That's the worst case. So what's a not-so-bad case?

In an already aggressive category, like financial services or hospitality, having competitors discover you are using black hat practices can only make them more aggressive and perhaps even hostile, risking reporting your site's "bad" behavior to the search engines in the hopes that theirs won't be investigated further. You may not consider that much of a risk for your brand, however, because "everybody's doing it." If the search engines are going to go after one site, they'll most likely go after several of the sites in the category. So if your site is dropped, although you will lose lots of potential business, your competitors will probably suffer similarly. It's a category loss, not yours alone to bear.

But what about in a not-so-aggressive category, say a particular consumer product that's not being sold through the manufacturers' site? Well, a sudden loss in visibility could be a real risk, enabling your competition to gain precious ground in the eyes of millions of consumers who use search engines to get tips, where-to-buys, and other information from your brand's site.

And so, it really comes down to a risk:reward equation and your basic personality as a marketer. If you view business as a game, you're more likely to want to play by the rules for the most part, run the risk of getting a foul called from time to time, but playing so that your team stays in the game. On the other hand, if you tend to view business as war, you're probably also a risk-taker who believes the ends justify the means, and you play to win at all costs.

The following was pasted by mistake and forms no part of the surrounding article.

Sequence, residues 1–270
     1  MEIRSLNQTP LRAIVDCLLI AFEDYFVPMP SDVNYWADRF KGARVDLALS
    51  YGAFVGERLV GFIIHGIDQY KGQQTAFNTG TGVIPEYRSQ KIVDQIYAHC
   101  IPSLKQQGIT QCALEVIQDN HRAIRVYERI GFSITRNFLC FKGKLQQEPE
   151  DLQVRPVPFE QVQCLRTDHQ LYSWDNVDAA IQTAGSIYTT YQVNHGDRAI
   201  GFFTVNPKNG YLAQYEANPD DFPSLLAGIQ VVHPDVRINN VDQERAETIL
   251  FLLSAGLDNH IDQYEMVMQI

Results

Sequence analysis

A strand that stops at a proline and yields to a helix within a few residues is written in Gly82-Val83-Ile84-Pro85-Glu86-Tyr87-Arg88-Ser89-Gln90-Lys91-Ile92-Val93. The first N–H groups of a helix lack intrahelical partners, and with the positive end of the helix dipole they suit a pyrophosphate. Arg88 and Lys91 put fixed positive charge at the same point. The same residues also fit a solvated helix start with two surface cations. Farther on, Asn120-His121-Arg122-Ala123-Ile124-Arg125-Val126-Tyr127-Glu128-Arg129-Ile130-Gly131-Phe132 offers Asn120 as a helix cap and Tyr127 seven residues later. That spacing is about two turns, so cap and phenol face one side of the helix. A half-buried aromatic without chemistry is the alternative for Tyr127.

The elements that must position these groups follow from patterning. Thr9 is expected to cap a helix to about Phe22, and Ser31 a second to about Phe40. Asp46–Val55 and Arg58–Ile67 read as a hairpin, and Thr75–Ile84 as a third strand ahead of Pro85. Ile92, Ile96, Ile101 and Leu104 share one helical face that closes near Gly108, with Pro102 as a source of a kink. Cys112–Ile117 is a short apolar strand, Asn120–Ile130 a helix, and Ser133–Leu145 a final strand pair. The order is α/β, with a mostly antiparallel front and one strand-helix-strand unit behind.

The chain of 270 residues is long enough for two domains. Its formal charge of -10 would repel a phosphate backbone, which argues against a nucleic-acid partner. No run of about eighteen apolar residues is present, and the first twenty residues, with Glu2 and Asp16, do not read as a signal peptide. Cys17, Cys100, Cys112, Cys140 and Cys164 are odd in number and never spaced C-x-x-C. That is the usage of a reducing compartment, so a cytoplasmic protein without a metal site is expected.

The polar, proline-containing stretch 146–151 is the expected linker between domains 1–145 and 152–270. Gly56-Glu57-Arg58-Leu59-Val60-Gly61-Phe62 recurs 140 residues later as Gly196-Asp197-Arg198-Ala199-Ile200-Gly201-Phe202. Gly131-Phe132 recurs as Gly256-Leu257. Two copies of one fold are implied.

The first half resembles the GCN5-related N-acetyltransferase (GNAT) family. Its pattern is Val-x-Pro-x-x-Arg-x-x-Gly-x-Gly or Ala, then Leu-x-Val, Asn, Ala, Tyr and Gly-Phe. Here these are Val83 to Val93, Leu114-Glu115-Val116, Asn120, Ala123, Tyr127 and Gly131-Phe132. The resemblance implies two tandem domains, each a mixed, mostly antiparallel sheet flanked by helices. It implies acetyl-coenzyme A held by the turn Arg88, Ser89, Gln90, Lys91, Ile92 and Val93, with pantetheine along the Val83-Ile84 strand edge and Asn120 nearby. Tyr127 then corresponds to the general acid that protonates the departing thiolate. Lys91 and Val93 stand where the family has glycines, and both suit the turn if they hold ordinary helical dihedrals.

In the end, it's not so much black hat or white hat but the risks with which you are most comfortable for your brand.

Continue reading "White Hat vs. Black Hat SEO: What They Mean for Your Brand" ... Read the full article

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ABOUT THE AUTHOR

Veronica "Niki" Fielding is a 20-year marketing industry veteran. Digital Brand Expressions (www.digitalbrandexpressions.com), which Niki launched in 2002, is her third consecutive new media services/interactive marketing venture.